Day Seven: Same as above.

If you’d like to play along, I’d love to hear about it.  Please feel free to share photos of your sourdough starter experiments on the Pinch My Salt Facebook page.  If you’re a blogger and decide to write about the process, please share your links with me so that I can share them with others.

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  1. Annie


    8:46 pm  Apr 26th, 2014
  2. Dylan

    Thanks for the sweet recipe!

    This recipe works amazingly well but I found that I didn’t need to use pineapple juice for my starter to come alive! Water and flour works just fine if you give the starter more time initially to get fired up (48 hrs without touching it). Eliminating the pineapple juice can help reduce the carbon and water footprints of our tasty homemade breads which, consequently, will up our DIY credentials haha (if you live near pineapples, however, I envy you!) I also found that using a kitchen scale ($2 at my local thrift store) made this whole process a lot easier. I was able to get that sweet 100% hydration at every feeding.

    As a side note make sure to give your yeasty-friends a good name and talk to them too (they’re beautiful living organisms!)

    2:48 pm  May 1st, 2014
  3. Anna

    I am wondering if you have to discard 1/2 on each of the days that copies day 3 or if you just keep adding.

    7:09 pm  Oct 5th, 2015
  4. Annie

    Yes, you have to keep removing half the starter until it reaches the point where it doubles after every time you feed it. Once your starter is “hot” then you are ready to bake bread. If you bake a loaf every time you feed your starter then you can use that discarded starter for your bread. Though, for one loaf, depending on your kitchen, the weather, type of flour, etc., you generally won’t need more than a third of a cup of starter. After you’ve been making breads for a while you will figure out for yourself just how much starter you need to keep around and how much you need for your baking.

    Whatever you do, do not put the discarded starter down the drain! If you’re not going to use it then put it in your compost or trash.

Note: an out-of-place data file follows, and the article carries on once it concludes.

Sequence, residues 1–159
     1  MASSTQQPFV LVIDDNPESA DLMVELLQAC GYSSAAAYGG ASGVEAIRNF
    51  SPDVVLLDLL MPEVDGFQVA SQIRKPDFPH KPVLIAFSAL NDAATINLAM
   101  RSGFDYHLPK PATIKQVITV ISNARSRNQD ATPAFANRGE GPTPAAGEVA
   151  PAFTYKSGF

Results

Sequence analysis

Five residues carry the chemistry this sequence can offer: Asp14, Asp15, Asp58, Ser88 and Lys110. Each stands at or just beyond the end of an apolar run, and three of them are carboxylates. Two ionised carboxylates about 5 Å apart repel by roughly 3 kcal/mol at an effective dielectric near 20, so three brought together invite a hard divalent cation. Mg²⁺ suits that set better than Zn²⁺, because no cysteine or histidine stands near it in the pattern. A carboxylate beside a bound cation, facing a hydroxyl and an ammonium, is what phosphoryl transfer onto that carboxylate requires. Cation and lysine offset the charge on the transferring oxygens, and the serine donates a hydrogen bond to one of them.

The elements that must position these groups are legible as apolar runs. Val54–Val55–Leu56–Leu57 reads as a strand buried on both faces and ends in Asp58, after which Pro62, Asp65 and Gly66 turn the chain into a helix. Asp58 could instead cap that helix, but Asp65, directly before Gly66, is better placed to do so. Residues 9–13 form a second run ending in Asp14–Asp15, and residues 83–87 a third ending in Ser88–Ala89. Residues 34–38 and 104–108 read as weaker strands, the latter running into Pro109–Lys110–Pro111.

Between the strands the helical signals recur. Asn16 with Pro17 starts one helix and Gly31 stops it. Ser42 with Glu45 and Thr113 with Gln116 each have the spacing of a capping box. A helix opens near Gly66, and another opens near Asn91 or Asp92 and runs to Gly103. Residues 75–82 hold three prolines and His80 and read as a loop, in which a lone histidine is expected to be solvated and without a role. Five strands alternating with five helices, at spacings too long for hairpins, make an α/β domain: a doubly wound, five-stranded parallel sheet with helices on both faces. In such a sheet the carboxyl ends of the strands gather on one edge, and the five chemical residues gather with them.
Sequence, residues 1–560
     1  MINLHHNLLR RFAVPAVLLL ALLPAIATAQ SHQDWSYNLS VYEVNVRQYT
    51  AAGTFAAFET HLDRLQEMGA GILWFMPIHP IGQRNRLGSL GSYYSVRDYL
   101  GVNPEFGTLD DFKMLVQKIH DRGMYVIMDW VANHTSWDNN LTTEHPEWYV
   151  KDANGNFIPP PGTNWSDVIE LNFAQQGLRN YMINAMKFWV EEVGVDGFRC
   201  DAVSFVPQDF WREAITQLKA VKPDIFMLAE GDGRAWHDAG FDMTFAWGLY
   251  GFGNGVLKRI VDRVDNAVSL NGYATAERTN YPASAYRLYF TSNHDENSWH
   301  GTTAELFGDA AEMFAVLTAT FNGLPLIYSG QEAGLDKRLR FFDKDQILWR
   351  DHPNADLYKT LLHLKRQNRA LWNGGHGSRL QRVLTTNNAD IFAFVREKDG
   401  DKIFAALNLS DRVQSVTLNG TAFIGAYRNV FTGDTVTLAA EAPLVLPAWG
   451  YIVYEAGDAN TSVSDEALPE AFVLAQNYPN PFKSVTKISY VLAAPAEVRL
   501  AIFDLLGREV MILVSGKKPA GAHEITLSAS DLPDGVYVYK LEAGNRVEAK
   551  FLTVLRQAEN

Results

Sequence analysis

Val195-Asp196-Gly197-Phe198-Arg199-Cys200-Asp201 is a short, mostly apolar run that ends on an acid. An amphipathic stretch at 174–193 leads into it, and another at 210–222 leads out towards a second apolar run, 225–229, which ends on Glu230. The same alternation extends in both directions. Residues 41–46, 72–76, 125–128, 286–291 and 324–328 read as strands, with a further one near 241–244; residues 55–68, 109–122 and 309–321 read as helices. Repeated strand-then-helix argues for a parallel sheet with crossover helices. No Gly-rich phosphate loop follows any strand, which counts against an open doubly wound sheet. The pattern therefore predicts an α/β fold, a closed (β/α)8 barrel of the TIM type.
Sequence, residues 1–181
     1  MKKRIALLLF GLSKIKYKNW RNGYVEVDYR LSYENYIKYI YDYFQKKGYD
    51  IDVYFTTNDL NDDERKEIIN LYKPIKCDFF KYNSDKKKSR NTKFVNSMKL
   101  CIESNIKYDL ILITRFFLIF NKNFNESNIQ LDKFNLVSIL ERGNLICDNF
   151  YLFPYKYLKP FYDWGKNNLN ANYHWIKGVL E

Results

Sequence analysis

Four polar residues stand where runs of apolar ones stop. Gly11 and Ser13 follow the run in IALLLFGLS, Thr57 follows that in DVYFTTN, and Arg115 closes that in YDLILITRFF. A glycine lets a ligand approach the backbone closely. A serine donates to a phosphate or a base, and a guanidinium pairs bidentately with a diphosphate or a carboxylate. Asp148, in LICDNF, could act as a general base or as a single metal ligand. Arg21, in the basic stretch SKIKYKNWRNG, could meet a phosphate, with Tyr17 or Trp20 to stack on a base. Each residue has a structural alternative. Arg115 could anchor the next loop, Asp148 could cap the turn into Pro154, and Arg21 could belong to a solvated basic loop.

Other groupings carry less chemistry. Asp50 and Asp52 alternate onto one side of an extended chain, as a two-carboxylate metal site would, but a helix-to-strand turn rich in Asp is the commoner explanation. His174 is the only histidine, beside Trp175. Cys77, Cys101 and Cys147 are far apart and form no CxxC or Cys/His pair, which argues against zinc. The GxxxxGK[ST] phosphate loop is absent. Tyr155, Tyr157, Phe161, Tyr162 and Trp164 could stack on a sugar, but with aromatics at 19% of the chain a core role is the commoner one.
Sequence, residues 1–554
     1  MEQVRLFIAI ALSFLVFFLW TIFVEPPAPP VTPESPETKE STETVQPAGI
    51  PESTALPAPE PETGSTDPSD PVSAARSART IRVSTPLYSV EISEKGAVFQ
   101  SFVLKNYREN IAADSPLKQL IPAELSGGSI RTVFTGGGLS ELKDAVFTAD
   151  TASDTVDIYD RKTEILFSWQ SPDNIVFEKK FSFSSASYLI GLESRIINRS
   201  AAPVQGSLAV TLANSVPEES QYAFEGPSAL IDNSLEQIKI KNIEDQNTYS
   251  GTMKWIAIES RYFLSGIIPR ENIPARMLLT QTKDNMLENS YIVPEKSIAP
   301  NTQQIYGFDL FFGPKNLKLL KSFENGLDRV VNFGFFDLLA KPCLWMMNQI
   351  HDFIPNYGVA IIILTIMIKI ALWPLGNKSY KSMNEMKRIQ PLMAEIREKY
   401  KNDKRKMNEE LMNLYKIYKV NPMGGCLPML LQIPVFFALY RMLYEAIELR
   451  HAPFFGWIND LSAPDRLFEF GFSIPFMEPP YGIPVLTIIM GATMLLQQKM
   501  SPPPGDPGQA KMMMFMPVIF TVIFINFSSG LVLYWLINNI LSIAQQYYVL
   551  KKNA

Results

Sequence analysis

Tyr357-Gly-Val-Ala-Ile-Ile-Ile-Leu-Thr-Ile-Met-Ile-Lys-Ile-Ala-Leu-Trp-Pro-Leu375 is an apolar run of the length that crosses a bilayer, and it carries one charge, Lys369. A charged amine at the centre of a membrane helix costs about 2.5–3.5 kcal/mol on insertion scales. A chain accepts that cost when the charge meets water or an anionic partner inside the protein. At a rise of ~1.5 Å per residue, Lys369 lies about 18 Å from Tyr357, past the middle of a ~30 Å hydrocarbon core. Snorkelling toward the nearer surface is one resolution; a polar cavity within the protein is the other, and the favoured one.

I agree with Dylan about using a scale when baking. You will get consistent results that way. You don’t need a scale when feeding your starter–the amounts don’t have to be exact in any way. With the amount of bread I make, I keep about 2/3 of a cup of starter in my fridge or on the counter (depends on amount of time between baking). Then half of that will be put into the dough and the other half gets mixed with new flour and water. Consistency of the starter is according to personal liking.

    10:27 am  Oct 26th, 2015
  5. Annie

    PS: just for your hopeful information; I made Nicole’s starter 4 years ago and it is the best starter I ever had. It just keeps getting better and better. I’ve given a lot of it away to friends.

    10:31 am  Oct 26th, 2015
  6. Reberta

    The instructions state to leave the starter at “room” temperature, exactly what is that.? My house doesn’t get above 73 at the most, my friends is sometimes as low as 70. This is for the whole house except for the back porch & bedrooms which are colder. What do I do in this case?

    9:55 am  Dec 24th, 2015
  7. Nicole

    Hi Reberta- Just keep it in the warmest part of the house… high 60’s to low 70’s should be fine. It might take a little bit longer to become active during these cooler winter temps, but it should still work.

    12:53 pm  Dec 28th, 2015
  8. Reberta

    the last comment I made is the first one ever that I have posted.
    thank you!

    9:58 am  Dec 24th, 2015
  9. Mary

    I’ve always wanted to start a starter but worry I would have a hard time keeping up with it. We would go thru one small loaf per week. How do you manage this? Thanks

    6:30 pm  Jan 28th, 2016